Threads of life

COLOURFUL: Attractive textiles and art pieces at the Cottonfab expo

COLOURFUL: Attractive textiles and art pieces at the Cottonfab expo   | Photo Credit: S James

Cotton Fab 2018 is in the city for the fifth consecutive year with a range of products

The artisans of the Awadh Hathkargha Hastshilp Evam Gramodyog Samiti from across the country are in the city exhibiting a myriad ethnic weaves. There’s handloom cotton and silk, apart from a host of craft and art work indigenous to their regions. They pitched their tents a week ago at the Gandhi Museum ground but are disappointed by the lack of patronage.

More than 100 designers, weavers, crafts persons drawn from 22 States are part of this year’s exhibition-cum-sales but unfortunately for them business is yet to pick up. The Samiti aims to promote traditional rural art and exquisite skills and provides a platform to the artisans to sell their products directly to customers. “The first time we came in 2013, the response was overwhelming,” says Javed Khan, the manager of expo, “but ever since, footfalls have been dwindling.” This year so far, there has not been even 100 walk-ins a day and of them, less than 50 per cent purchase, he points out.

Yet, the Samiti chooses to bring the artisans every year to the Temple town and many other smaller cities in the region because it is important for the weavers to remain economically relevant and contemporary.

“Big cities are saturated with such exhibitions. Even if business is not good for us, we feel it gives an opportunity to the locals to at least see what we are making and we too get to know what customers want,” says A Shabeer from Bihar who has brought mulberry silk and cotton sarees, dress material, and dupattas.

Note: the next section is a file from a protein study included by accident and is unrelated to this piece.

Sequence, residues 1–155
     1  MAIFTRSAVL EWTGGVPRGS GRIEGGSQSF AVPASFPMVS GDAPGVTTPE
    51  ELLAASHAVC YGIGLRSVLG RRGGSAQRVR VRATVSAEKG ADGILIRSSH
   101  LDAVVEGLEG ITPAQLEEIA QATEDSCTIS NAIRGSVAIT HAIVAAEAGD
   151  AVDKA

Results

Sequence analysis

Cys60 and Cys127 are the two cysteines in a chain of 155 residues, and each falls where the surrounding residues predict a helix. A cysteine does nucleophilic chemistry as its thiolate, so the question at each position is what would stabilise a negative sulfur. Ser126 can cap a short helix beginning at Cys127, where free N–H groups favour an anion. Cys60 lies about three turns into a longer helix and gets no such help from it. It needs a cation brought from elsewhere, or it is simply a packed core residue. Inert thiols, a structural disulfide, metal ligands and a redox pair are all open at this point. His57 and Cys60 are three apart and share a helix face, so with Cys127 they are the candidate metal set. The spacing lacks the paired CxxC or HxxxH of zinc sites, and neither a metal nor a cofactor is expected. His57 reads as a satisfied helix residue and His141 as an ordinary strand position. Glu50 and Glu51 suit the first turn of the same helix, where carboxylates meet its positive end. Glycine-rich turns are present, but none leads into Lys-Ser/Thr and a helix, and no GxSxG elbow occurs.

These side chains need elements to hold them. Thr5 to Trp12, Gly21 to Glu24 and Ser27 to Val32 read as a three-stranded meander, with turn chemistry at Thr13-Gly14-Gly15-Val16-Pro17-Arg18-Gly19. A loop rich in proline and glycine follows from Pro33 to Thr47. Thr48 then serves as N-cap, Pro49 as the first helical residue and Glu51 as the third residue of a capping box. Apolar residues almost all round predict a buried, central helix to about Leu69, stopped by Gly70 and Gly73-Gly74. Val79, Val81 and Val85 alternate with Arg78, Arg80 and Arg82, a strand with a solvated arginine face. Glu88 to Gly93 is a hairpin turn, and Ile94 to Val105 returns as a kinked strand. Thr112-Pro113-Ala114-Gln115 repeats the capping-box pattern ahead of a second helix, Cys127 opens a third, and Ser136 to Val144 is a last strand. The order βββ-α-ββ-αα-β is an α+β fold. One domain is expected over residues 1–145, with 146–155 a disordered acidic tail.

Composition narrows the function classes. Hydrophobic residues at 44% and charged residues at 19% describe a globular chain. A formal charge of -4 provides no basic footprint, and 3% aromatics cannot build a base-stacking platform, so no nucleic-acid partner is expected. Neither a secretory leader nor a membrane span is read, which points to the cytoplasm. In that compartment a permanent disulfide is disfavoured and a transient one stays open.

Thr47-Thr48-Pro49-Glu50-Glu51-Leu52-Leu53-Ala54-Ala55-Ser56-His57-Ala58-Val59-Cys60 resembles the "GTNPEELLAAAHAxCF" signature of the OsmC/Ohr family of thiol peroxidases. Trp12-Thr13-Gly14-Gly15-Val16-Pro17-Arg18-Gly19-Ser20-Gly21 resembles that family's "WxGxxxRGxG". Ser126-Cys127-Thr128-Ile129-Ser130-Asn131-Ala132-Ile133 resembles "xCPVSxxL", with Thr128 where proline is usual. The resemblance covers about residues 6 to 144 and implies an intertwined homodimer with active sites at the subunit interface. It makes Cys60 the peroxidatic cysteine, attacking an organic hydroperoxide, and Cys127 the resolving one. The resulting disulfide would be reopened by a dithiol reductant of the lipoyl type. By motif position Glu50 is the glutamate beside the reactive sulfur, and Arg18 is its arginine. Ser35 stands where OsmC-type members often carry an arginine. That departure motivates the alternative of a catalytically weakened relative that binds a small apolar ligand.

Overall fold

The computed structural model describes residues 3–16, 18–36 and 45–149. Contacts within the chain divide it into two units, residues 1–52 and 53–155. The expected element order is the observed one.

Anil Kumar in the adjacent stall is from Jammu and Kashmir selling cotton kurtas with colourful embroidery. He says he often gets tired with customers who keep bargaining.

“We are bearing the brunt of cost of threads which has phenomenally increased following GST. But customers do not understand our plight and feel the cost of products is high,” he rues.

The collection of 1,50,000 varieties of work at the Cotton expo can throw up a feast for the eyes in terms of new designs, motifs, patterns, techniques, colours and culture. The vibrant tie-dye colours of Gujarat’s bandhani, Uttar Pradesh’s ethereal chikankari, Madhya Pradesh’s subtle Chanderi and West Bengal’s jamdaani are some of the highlights of the annual expo.

Here, one can hear of stories behind the artisans’ skill and what it takes to save handloom weavers in a market dominated by power looms and screen prints. Bengal’s kantha stitch, Punjab’s phulkari and the Banarasis in bright colours are evoking more interest this year, says Javed.

The Cotton Fab expo is a fascinating place to learn about the different types of authentic weaves and prints from different parts of the country. The screen prints of Buddha and Durga’s face over done in the last two years on different types of fabrics has taken a back seat this year. Instead, there is a profusion of Kalamkari saris in mellow vegetable colours, Rajasthan’s Kota in pastel shades and the rare Uppada, Mangalgiri, Maheshwari and Sambalpuri ikkat in lovely combination of colours with golden or silver zari borders.

There are stalls selling handmade glass and lacquer bangles, floor rugs in different sizes, wooden toys, jutis, handbags, metal bracelets, terracotta and oxidised jewellery.

Prices range from ₹100 to ₹15,000. There’s free parking. Open from 10.30 am to 9.30 pm on all days till January 7.

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Printable version | Apr 9, 2020 9:40:22 AM |

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